The ritual of getting a haircut
'Don't ask the barber if you need a haircut' wrote Warren Buffet, the legendary investor, I recalled as I went to the barber to get my remaining hair trimmed. There is something unique to the little friendly neighbourhood barber shops that has withstood the onslaught of modern plush salons; Writes Rakesh Pandey.chandigarh Updated: May 02, 2014 09:31 IST
'Don't ask the barber if you need a haircut' wrote Warren Buffet, the legendary investor, I recalled as I went to the barber to get my remaining hair trimmed. There is something unique to the little friendly neighbourhood barber shops that has withstood the onslaught of modern plush salons; these shops survive because they are ubiquitous and offer quick and cheap service and because these barbers have built a personal relationship with the clientele.
I remember in the 80s when I was a kid it used to be a Sunday ritual where you had to wait in a queue to get your turn unless you were an early riser. These days, barber shops have mushroomed everywhere.
One thing unique to these shops is that you are sure to hear the loud music being played or some Bollywood film being played at full volume. I got scolded if I played loud music when I was a teenager and the usual question asked was, 'Is this home or a barber shop'?
Once I was enticed by a smooth-talking barber, who had little business at that time, into getting a facial done. On another occasion, Golu, my current hair artist, commented on my receding hairline and thinning mop, and I simply put the blame on the hard water of Patiala.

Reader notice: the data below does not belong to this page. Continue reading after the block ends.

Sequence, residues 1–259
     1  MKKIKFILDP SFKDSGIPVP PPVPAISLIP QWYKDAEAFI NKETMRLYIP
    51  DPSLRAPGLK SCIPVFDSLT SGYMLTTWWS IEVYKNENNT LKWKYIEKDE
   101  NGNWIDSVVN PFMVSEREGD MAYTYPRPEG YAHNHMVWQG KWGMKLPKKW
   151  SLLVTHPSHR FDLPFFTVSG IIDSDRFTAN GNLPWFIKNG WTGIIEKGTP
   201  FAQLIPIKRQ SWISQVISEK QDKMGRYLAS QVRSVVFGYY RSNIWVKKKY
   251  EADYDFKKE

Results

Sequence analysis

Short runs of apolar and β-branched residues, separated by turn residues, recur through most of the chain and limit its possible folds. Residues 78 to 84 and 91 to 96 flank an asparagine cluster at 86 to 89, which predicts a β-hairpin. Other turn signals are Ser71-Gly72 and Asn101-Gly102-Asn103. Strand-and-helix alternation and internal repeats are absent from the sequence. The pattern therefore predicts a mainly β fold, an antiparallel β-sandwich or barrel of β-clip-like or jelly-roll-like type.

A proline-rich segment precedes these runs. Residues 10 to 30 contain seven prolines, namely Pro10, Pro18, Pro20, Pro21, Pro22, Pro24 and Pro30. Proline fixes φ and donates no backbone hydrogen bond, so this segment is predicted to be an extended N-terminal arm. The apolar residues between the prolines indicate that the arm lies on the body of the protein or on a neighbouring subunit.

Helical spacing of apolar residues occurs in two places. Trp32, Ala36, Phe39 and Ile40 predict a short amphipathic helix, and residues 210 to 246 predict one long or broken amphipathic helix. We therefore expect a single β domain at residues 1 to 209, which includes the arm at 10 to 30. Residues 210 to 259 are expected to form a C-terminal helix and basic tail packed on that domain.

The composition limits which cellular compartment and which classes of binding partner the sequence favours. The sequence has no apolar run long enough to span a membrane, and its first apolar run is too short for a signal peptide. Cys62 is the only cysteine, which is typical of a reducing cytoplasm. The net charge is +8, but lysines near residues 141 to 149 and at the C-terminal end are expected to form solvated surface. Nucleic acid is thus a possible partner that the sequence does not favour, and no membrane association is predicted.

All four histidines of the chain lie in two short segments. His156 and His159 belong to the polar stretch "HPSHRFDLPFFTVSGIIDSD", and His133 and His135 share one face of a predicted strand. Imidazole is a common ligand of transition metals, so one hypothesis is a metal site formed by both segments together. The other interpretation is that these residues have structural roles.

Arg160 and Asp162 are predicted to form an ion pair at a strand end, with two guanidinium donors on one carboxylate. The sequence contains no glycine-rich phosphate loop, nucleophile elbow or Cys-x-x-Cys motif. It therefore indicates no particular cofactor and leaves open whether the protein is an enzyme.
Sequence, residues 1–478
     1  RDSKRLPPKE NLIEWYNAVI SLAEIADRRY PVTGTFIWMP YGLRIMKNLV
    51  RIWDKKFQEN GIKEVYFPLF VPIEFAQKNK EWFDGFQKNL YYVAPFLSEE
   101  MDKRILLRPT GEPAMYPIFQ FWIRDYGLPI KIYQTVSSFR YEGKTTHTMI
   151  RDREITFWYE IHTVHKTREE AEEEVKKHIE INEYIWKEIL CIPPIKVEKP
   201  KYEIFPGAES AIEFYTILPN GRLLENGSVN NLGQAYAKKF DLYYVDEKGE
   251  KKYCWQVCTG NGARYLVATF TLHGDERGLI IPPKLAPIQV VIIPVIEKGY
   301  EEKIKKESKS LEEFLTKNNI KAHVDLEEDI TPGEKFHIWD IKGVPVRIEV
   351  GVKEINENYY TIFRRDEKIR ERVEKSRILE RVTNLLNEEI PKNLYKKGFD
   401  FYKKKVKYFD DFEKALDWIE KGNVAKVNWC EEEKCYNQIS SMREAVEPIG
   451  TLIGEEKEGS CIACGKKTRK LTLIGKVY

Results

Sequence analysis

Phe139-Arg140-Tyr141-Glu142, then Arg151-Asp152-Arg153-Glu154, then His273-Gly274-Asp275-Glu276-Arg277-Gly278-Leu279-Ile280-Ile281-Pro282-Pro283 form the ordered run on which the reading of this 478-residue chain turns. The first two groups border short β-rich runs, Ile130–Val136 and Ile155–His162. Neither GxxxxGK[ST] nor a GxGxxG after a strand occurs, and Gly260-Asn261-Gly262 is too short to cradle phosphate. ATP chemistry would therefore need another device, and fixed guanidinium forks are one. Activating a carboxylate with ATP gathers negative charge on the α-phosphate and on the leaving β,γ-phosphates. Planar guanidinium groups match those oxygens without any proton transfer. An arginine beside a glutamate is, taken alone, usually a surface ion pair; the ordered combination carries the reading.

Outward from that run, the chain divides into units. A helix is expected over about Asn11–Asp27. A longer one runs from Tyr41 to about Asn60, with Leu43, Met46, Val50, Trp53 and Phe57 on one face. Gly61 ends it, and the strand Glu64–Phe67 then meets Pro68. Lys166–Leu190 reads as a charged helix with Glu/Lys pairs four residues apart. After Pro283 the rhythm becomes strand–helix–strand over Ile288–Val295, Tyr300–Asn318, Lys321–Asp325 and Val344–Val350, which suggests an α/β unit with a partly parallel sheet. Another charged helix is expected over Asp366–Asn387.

The time when you are getting a haircut could be used to indulge in small talk, catch on the grapevine or even do meditation. I stare into the oblivion as thoughts flash by. Sometimes I observe school kids who insist on their hair being cut in a certain style.
Once I was getting a haircut and the tea arrived; the person getting a haircut on the next chair was a student of history. He talked about how the tea was discovered in China when some tea leaves accidentally fell in a pot of boiling water.
When the time came for the most dreaded thing -- taking your kid to get a haircut for the first time -- my wife asked me to do the job. Life had turned full circle as I remembered my dad taking me to the barber shop when I was a kid.
I resigned to my fate and took my son, Devansh, to a barber shop. Like an animal about to be slaughtered, Devansh got a whiff of the impending disaster and raised hell. The barber refused to do the job.
I took him to another where he got through the ordeal with heart-rending cries amid my promises to give him candies. I finally found a new barber who had a way with the kids. Life became a little easier; now, that he's six he has come to enjoy these trips and insists it to be topped up with fun under a shower.